Wednesday, 26 July 2017

Molly Sayle.

I suppose I ought to write about some of the people I knew in my life - after all I spent most of my time surrounded by thieves and murderers.

No, really I did.

But they weren't the really interesting ones. Actually, with a couple of exceptions (like the serial killer) they weren't so bad as all that. The really bad people I knew were the ones I worked for. The suit-wearing respectable ones who ripped everybody off, including me.

No the really, really interesting people weren't rich or powerful. They were determined, courageous, idealistic people and they don't deserve to be forgotten. So I'll write about a few of them.

Exactly thirty years ago at the end of this August,  I went off for my first ever holiday abroad. I'd reached the grand old age of 28 and I was due to start a new job in the middle of September, although it was only guaranteed for a couple of months.

I spent the last of my money (pretty much down to the last tenner) on a coach holiday to Italy.

I went on the much lamented 'Yorkshire Tours', about which I could write a book in itself. Run by two retired pharmacists from Yorkshire, they started in the 'business' when they bought two minivans to ferry Arthur Scargill's 'Flying Pickets' around the country in the Miners strikes of 1972 and 1974.

They soon branched out into organising very cheap and very adventurous holidays to destinations as bizarre as Beijing and Ulan Batur, Moscow and Libya to raise money for left wing causes. Every trip involving long, long overnight coach travel (to save on hotels) and a degree of chaos and confusion which made it all the more exciting.

Not surprisingly, the people on the holidays had a few things in common; we were all very left wing, adventurous and flat broke.

I caught my first coach abroad from an archway by the side of the British Museum and I had the time of my life in Northern Italy.

This was 1987 and they still remembered the war, vividly.

Everywhere you went the little villages had bullet holes in the buildings around their squares and plaques commemorating the Communist Partizans who died there fighting the Nazis.

We stayed in a little village high above Lake Garda, surrounded by holidaying Germans flashing great wads of Lire and demanding service which never seemed to come.

We would sit at our tables counting out little piles of lire coins (which never added up to much in money terms) trying to eke out enough to get a cappuccino or a grappa.

Strangely, our orders turned up instantly, sometimes they seemed to give us more than we could afford. The proprietor would come out and flamboyantly offer us (and just us) fresh figs from a basket full he'd just picked from his own tree.

They knew who we were and who ran Yorkshire Tours.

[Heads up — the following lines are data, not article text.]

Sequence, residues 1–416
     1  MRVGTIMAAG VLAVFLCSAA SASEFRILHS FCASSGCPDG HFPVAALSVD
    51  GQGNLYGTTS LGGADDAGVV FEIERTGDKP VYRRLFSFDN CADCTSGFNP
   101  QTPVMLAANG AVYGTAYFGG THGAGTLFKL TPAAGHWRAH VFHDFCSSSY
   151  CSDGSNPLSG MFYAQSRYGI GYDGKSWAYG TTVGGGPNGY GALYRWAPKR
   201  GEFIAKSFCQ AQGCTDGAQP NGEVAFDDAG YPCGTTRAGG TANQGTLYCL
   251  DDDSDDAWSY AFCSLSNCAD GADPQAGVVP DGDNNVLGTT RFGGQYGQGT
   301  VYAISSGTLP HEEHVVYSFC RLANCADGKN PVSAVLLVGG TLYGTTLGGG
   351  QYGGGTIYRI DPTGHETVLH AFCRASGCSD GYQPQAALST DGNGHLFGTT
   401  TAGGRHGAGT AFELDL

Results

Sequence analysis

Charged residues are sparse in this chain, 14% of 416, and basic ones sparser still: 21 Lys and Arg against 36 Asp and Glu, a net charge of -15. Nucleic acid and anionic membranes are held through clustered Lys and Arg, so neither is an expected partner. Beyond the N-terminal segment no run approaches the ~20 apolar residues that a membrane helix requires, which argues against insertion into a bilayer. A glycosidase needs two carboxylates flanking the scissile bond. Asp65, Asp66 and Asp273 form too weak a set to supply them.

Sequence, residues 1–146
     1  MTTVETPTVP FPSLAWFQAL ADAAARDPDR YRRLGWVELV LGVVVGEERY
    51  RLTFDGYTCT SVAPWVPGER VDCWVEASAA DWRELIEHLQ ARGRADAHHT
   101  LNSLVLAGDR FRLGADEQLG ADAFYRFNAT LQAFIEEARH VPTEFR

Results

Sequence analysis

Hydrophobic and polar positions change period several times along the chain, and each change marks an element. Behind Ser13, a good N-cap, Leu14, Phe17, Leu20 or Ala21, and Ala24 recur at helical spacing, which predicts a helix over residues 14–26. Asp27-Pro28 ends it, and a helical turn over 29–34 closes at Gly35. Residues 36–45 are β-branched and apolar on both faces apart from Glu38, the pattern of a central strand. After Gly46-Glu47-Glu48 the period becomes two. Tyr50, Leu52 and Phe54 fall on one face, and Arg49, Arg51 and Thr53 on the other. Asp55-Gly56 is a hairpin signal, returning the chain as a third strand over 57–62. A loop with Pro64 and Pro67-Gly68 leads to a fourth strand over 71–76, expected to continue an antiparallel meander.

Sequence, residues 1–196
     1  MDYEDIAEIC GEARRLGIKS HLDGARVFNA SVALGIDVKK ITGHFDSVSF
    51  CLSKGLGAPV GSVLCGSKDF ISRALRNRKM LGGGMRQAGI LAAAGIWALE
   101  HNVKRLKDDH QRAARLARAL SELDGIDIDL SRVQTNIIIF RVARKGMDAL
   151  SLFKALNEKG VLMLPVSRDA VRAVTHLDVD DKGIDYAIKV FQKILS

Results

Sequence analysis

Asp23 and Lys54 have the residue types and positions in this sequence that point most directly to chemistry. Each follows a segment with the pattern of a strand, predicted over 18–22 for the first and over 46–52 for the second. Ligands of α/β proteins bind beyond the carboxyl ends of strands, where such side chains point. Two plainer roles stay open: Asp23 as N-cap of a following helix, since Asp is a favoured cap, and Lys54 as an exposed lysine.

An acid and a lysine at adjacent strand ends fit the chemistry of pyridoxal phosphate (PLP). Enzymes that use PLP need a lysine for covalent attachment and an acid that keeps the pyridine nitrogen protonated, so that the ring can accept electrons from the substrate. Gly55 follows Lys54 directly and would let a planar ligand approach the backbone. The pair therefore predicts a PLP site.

Of course nowadays the little villages are all holiday homes owned by Germans and the effect of Thatcher and Berlusconi has been to destroy the little communities of the mountains.

Anyway, back then a number of us became friends and met up for a few years after we came back.

One of the people I met was Molly Sayle, mother of the comedian Alexei Sayle. You couldn't help liking Molly - she was as round as a ball and five foot nothing of feisty Liverpudlian, although by way of being a Jewish refugee from Lithuania.

Molly's husband was a railwayman while she worked as a seamstress and then as a clerk for a football pools company. I never got round to asking her what happened to my winnings, but I can guess.

When I knew her she was working as a Lollypop lady, helping school children to cross the road.

The couple were fighting Communists and well known in the Liverpool Labour movement - anywhere in the country if you met someone from the left in Liverpool and mentioned Molly, their eyes would light up.

Like me, Molly had faced off a few charges by police on horseback in her time but she was of a generation who would spit out the word 'Cossacks', as she did so.

She was also the funniest person I ever knew - I never stopped laughing for the whole ten days. She had a way of being completely deadpan when she said something and we would just crack up. She was a lot funnier than her son.

My best memory is of the coach taking us up and down the long, narrow, winding road from the village down to the lake and beyond each day.

One day, Italian workmen were repainting the white lines on the road but we came down before the paint had dried. Our coach swung dramatically from left to right as it made the perilous and winding journey from our cheap hotel at the top of the mountains down to the lake below.

As it did so it took the white line and turned it into three or four white lines, waving across the full width of the road. Me and Molly were splitting our sides with laughter, which only got worse as we looked out of the back of the coach at the workmen who were actually jumping up and down with rage at what the coach had done.

Molly Sayle had organised support for the striking Miners in 1984, she'd served her time in Anti Apartheid and Solidarity for Palestine. She fought for a united Ireland, she'd hounded more than a few fascists in her time and if there was a dispute in Liverpool, she'd be there on the picket line.

I miss her enormously.

Neil Harris
(a don't stop till you drop production)
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